The addition of other alloys further enhances its resistance properties. Its austenitic microstructure retains toughness over a wide range of temperatures. This is why it is used in highly corrosive environments such as chemical plants and marine coastal areas.

Comparison Chart of Elements for 304 Stainless Steel and 316 Stainless Steel

Alloy % of 304 % of 316 Description
Carbon: 0.08 0.08 Adds strength and hardness. Iron on its own has poor mechanical properties
Manganese: 2.0 2.0 Used to decrease amount of nickel needed
Phosphorus: 0.045 0.045 A residue from the manufacture of carbon steel
Sulphur: 0.03 0.03 Improves machinability
Silicon: 1.0 1.0 A deoxidiser. Improves strength
Chromium: 18-20 16-18 Addition makes carbon steel into stainless steel
Nickel: 8-10.5 10-14 Retains austenitic microstructure giving corrosion resistance
Molybdenum: 0 2-3 Maintains toughness. Increases resistance to pitting corrosion
Defender Bird Spikes - 304 and 316 grade stainless steel wires ready for assembling

What other metal can bird spikes be made from?

There are 2 sub groups of austenitic stainless steel, the 200 series and the 300 series. Each are suited to different applications due to the added alloys. The 200 series has limited applications due to the low nickel content substituted by nitrogen, while 300 has higher levels of nickel which significantly gives superior corrosion resistance compared to other grades. Many of the added alloys make the 200 series and some of the 300 series unsuitable for use in bird spike manufacture; 303 grade has great machinability but reduced corrosion resistance, 310 and 347 grades are great for welding and high temperatures, often used in furnace components and 321 is best for parts that need good weldability.

Some bird spikes can be manufactured from galvanised steel. This is a carbon steel that has been galvanised or coated in zinc. Zinc acts as a barrier preventing oxygen and water reaching the steel and causing corrosion. However, this coating is not self healing like chromium, it can scratch off and be damaged so eventually galvanised steel will rust. It also lacks resistance to sodium chloride, so using it in coastal areas is a no.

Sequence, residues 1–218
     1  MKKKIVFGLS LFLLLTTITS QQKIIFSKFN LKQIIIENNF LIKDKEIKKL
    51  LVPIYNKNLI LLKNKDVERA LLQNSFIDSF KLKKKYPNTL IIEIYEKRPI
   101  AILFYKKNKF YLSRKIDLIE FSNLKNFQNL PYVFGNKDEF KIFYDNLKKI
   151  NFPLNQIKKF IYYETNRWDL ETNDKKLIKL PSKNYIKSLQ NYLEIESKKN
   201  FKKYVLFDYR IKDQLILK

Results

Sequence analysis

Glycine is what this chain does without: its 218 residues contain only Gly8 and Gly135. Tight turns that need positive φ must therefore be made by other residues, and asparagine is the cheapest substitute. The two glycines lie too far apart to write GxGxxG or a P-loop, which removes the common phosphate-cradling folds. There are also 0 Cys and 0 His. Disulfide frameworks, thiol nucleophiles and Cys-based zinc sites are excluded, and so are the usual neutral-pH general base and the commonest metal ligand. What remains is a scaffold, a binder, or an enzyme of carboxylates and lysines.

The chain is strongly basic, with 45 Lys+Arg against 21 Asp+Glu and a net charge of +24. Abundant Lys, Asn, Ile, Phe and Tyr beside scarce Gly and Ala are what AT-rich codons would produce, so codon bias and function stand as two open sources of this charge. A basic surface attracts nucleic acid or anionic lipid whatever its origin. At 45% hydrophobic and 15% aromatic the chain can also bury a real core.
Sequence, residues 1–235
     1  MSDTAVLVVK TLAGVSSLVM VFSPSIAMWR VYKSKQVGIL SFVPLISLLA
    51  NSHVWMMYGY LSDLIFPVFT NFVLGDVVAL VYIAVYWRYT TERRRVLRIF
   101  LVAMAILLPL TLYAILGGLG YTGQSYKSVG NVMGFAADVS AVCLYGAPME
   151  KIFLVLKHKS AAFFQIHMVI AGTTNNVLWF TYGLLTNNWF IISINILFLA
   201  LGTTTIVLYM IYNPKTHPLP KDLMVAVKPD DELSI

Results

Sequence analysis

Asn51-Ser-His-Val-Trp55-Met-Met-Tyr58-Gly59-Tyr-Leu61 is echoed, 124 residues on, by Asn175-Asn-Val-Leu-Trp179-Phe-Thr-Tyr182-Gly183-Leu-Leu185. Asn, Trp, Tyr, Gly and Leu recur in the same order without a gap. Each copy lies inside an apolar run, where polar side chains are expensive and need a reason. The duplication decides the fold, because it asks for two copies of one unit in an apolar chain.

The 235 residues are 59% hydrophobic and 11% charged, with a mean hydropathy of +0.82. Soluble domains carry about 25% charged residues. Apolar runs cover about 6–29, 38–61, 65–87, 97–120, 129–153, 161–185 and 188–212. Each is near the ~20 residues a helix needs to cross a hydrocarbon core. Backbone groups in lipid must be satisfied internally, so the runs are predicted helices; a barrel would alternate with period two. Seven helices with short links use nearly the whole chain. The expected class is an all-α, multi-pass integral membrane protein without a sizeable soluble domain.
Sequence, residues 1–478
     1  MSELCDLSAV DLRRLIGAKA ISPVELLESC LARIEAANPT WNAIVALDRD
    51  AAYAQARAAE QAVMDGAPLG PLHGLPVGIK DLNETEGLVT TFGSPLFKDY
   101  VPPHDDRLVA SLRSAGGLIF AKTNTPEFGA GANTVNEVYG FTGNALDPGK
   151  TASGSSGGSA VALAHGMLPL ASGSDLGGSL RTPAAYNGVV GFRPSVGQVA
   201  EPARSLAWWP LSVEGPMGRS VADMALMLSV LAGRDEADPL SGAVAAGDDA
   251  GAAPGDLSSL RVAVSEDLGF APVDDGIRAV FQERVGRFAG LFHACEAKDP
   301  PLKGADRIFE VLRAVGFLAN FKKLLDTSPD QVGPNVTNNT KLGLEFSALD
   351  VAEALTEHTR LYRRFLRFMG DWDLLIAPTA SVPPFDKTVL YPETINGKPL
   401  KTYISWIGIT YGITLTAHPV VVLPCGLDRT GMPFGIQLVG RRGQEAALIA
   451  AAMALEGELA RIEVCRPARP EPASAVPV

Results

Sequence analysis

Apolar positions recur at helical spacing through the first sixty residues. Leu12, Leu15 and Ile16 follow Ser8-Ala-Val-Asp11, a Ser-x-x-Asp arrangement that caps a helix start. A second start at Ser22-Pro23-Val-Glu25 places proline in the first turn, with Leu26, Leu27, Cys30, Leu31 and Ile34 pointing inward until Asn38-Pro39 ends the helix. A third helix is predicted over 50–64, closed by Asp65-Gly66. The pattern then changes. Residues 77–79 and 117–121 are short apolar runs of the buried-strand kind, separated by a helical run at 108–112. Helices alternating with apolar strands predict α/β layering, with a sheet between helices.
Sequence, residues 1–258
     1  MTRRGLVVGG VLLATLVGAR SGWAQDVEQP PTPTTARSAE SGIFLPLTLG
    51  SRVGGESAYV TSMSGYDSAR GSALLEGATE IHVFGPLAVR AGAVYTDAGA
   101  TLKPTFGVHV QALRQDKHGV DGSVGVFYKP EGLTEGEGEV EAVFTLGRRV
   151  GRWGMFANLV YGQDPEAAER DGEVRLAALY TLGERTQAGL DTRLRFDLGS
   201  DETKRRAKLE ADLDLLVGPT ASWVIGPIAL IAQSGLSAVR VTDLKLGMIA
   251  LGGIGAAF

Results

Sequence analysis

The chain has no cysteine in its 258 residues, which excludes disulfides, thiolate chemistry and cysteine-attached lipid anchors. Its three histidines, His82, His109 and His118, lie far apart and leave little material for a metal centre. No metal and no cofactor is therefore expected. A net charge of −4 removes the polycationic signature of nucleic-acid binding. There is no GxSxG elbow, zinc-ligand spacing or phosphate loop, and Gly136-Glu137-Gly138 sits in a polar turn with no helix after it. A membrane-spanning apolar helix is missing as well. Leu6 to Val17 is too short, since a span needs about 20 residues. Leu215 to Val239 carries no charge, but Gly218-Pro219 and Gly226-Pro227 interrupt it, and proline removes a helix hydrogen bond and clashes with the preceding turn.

Galvanised steel is not as strong as stainless steel. It lacks the strength-giving added alloys of stainless steel. This also means that spikes made from galvanised will tend to bend, losing shape and effectiveness.


All stainless steel Defender® Bird Spikes are manufactured here in the UK from 304-grade stainless steel as standard. We are so confident in this grade that all our stainless steel spikes come with a 25-year ‘No Rust’ warranty when installed correctly in the UK. However, should bird spikes be needed in coastal areas or areas of high pollution, we would recommend using 316 Grade. We have found that increasingly, architects and project managers are requesting that bird spike installations use 316-grade steel. All our Defender® stainless steel pigeon and seagull spikes are available to purchase with pins made with 316. They are, however, not made as standard and we require 24 hours' notice for our assemblers to make the spikes for you.

If you would like more information on our 316-grade bird spikes, do give us a call on 01626 835055 or drop us an email on

We have placed cookies on your device to help make this website better. Please view our Cookie Policy for more details.

Your Basket